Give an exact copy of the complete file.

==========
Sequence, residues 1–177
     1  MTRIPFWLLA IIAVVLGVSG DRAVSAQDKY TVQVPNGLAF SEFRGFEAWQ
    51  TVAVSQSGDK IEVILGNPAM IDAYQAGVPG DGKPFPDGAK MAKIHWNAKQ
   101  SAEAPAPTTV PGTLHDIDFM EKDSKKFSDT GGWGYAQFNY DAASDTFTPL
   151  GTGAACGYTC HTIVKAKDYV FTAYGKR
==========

Sequence, residues 1–177
     1  MTRIPFWLLA IIAVVLGVSG DRAVSAQDKY TVQVPNGLAF SEFRGFEAWQ
    51  TVAVSQSGDK IEVILGNPAM IDAYQAGVPG DGKPFPDGAK MAKIHWNAKQ
   101  SAEAPAPTTV PGTLHDIDFM EKDSKKFSDT GGWGYAQFNY DAASDTFTPL
   151  GTGAACGYTC HTIVKAKDYV FTAYGKR